US 4183186 A
A multilayer steel-reinforced concrete panel assembly comprises a steel-reinforced concrete outer plate, a steel-reinforced concrete inner plate and a layer of insulation sandwiched between these plates. The outer plate and the inner plate are interconnected by flat anchors traversing the intermediate insulation layer and the anchors are distributed along an imaginary circle whose diameter is greater than the length of the small side of the rectangular panels. At least three such flat anchors are provided, two of which are capable of absorbing all of the stresses while all of the flat anchors are disposed symmetrically with respect to the longitudinal plan axis of the panel. The flat anchors take up all of the stresses to which the panel may be subject and thus eliminate the need for an additional anchor at the centroid of the panel, i.e. the center of stress forces and the like.
1. A rectangular multilayer panel comprising:
a rectangular steel-reinforced concrete outer plate;
a rectangular steel-reinforced concrete inner plate spaced from but juxtaposed and coextensive with the outer plate;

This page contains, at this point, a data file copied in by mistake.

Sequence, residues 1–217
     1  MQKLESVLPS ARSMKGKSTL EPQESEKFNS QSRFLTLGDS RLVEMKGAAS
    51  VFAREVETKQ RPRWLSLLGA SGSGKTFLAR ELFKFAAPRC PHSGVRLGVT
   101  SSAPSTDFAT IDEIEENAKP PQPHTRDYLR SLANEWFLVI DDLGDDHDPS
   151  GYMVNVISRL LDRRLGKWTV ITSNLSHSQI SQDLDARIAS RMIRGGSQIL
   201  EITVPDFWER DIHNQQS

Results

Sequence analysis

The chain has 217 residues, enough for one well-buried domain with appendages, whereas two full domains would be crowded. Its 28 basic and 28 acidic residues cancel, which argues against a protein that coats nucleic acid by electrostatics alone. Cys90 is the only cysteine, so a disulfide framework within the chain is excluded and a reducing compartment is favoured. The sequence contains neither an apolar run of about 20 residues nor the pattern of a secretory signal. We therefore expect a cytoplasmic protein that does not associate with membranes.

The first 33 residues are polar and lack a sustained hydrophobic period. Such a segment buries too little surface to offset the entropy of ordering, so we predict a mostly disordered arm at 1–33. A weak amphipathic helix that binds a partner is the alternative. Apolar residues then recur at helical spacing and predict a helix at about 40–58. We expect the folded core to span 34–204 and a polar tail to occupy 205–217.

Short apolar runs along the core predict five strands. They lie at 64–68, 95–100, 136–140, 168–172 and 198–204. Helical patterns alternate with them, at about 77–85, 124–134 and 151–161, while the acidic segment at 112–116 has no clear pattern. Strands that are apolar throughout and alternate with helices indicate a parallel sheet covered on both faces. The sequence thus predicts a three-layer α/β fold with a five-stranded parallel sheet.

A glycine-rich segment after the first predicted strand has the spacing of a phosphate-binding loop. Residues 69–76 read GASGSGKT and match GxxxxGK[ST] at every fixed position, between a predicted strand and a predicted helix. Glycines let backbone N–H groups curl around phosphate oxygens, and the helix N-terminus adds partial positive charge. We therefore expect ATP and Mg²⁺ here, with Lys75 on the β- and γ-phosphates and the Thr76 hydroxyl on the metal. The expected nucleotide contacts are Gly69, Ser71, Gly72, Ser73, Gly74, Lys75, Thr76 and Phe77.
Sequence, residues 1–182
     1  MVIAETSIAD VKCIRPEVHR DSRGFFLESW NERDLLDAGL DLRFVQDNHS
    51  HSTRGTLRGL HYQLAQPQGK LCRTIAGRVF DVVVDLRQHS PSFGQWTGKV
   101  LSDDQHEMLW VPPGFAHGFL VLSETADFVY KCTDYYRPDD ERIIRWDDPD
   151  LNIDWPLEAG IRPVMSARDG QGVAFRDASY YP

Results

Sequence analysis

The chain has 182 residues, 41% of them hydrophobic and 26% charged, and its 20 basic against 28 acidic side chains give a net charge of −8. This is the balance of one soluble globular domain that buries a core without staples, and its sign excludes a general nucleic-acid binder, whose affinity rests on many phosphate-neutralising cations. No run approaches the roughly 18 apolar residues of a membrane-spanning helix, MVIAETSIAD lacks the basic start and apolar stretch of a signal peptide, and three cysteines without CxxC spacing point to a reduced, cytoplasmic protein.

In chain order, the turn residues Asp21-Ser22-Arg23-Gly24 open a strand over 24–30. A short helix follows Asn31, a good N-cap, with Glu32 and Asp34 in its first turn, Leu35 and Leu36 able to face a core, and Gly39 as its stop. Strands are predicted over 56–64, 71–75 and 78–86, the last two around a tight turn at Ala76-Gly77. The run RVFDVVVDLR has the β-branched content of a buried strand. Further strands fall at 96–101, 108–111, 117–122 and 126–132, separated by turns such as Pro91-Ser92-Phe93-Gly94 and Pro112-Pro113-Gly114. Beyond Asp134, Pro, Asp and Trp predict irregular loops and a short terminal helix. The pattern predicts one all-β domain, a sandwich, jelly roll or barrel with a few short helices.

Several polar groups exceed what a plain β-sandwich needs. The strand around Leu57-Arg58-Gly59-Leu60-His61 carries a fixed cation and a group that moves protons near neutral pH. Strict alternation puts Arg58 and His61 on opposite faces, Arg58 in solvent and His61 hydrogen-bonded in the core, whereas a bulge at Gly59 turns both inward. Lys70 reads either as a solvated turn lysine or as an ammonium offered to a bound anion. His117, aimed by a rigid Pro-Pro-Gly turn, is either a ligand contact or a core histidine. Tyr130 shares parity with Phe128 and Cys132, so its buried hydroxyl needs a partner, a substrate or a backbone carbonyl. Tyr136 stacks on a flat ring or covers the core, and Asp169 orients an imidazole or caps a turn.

a layer of insulation coextensive with and between said plates; and
anchor means interconnecting said plates, said anchor means consisting of at least three flat anchors of rectangular configuration, each of said flat anchors being embedded in both of said plates and traversing said layer perpendicular to the planes thereof, two of said flat anchors taking up all of the stresses between said plates and all of said anchors being disposed symmetrically with respect to an axis through the force and stress centrum of the panel parallel to the long sides thereof,
said anchors being disposed about an imaginary circle having a diameter greater than the length of the short side of the panel and having a center at said centrum of the panel,
the centrum of the panel being free from any anchor interconnecting said plates.
2. The panel defined in claim 1 wherein said anchors are distributed uniformly around said circle.
3. The panel defined in claim 2, further comprising a plurality of additional flat anchors bridging said plates and traversing said layer and angularly equispaced about a smaller circle concentric with the first-mentioned circle and wholly within the outline of the panel.
4. The panel defined in claim 1 wherein said flat anchors are planar and lie tangential to said circle.